So in the end, all you can do is, you know, there is good advice and sometimes what that, the thing about going onto the websites is you’re so embroiled in it emotionally, you’re tired and you’re anxious and you have all the other things going on, sometimes to see some detached common sense advice actually does help to clarify certain things in your mind and, “Oh yes, I know that makes sense.” And it helps you to reinforce things but, at the end of the day, you’ve only got your own resolve and how you can do your best to try to deal with things on an informed basis and I think that helps you to do it on an informed basis.
 

Tracey’s son’s behaviour led to family arguments and caused huge stress.

Tracey’s son’s behaviour led to family arguments and caused huge stress.

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And we’re trying to get, you know, we’re trying to get help for him. We’re trying to, you know, he’s being counselled a little bit at he’s having pastoral care at college. But I think he’s just opting out really and just being an extremely difficult person to be around a lot of the time and I’m just kind of hoping that that doesn’t start to manifest itself again with, you know, with more self-harming. If it does, something we have to deal with but I think we, you know, we’re all trying to find a way. We’re all trying to sort of orienteer our way round all these problems without [sighs] with the least possible impact on our son’s sort of sort of, you know, emotional well-being really. And that’s difficult because what you want to do really, what your instinct is often is to get very, very angry, you know. There’s been a lot of angry outbursts lately, quite a bit of shouting, quite a bit of door slamming, storming off and angry text messages and this sort of thing. So that’s another aspect of his young life that we’re now currently dealing with which is causing problems of its own.

Is that him door slamming or you door slamming?

I think all of us are doing it. 

And I just feel as if, you know, there are lots and lots of issues still that are concerning that, as a parent, you can feel that you’re constantly on red alert, I know from my own experience as well that that has led to me becoming very, very stressed and to my husband becoming very stressed.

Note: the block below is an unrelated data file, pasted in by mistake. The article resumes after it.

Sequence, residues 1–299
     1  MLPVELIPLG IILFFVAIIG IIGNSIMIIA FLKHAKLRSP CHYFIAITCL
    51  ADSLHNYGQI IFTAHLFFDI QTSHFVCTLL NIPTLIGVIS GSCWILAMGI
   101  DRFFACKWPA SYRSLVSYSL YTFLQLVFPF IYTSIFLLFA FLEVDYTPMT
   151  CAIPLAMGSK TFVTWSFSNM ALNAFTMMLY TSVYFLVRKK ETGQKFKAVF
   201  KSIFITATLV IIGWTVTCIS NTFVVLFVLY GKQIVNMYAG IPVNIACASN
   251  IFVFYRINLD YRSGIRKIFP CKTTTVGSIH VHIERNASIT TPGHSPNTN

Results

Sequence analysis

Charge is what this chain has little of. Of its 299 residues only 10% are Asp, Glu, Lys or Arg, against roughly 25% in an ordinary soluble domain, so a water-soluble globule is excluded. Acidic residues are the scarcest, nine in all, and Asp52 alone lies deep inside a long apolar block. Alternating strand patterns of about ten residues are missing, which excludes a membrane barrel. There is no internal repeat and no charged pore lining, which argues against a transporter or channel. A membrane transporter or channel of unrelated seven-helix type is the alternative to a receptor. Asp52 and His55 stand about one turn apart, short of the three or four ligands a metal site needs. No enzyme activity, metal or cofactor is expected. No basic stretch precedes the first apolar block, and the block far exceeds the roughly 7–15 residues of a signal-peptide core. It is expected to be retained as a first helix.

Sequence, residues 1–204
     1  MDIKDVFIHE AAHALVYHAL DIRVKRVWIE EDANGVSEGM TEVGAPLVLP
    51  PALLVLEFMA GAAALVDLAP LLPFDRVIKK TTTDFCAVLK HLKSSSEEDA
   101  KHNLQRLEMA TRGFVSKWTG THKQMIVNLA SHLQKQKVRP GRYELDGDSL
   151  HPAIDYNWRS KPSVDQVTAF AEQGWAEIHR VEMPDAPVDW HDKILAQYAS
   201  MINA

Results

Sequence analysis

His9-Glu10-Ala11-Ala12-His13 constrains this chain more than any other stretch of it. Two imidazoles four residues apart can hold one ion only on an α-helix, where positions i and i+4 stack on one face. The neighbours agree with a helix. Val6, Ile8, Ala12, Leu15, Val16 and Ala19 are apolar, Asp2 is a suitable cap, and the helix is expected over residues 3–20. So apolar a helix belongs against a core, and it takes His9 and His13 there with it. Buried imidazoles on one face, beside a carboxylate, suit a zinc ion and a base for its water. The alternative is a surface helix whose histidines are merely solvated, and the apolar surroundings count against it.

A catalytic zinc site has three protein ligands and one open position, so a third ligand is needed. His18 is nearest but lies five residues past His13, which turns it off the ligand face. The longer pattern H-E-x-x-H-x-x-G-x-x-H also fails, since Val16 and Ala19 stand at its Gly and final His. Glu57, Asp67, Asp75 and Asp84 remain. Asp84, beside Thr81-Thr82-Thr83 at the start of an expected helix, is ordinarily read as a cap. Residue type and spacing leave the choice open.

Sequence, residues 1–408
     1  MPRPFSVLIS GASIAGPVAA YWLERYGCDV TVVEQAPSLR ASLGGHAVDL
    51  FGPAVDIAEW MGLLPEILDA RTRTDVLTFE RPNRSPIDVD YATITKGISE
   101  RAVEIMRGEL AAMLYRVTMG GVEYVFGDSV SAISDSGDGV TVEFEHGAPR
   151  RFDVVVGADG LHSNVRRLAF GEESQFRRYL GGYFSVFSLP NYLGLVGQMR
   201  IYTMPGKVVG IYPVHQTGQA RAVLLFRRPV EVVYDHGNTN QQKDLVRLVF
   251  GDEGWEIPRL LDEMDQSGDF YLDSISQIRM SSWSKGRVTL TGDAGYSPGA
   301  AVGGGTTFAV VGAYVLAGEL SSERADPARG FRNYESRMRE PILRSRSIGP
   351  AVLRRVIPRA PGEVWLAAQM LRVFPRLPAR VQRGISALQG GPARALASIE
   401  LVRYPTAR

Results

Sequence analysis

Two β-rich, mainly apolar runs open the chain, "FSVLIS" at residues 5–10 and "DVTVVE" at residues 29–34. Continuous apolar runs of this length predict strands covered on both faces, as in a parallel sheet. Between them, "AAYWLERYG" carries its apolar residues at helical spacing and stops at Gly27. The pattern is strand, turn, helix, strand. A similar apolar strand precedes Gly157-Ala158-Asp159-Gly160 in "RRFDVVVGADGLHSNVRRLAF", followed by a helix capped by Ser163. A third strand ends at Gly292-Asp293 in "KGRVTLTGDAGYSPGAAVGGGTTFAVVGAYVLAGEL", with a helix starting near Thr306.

And us again, dealing with it very differently and perhaps our daughter just feeling resentful, possibly a little neglected maybe and our daughter having troubles of her own at twenty, not having gone to university and trying to secure employment. There are a lot of issues going on for her as well, which all require quite a lot of emotional investment, if you like, which again challenge your reserves and can cause you to become, well, actually, very, very stressed, as I said. So you’re dealing with this stress on a on a daily, weekly basis wondering when if it’s all going to end. And that’s not really how back in the day when I, you know, considered family life, this isn’t really what I’d hoped for but it’s what we’ve got and, you know, we love our children. We want them to grow up as, well, happy, happy, hopefully happy and well-adjusted individuals. That’s what we want. When we go through periods of instability and unhappiness to the extent that, in my son’s case he has with the self-harming, then you just you just worry and you just feel so anxious that, you know, everything is going to turn out all right in the end.
 

Tracey called the police when her son went missing. She was pleased with how they acted when he was found.

Tracey called the police when her son went missing. She was pleased with how they acted when he was found.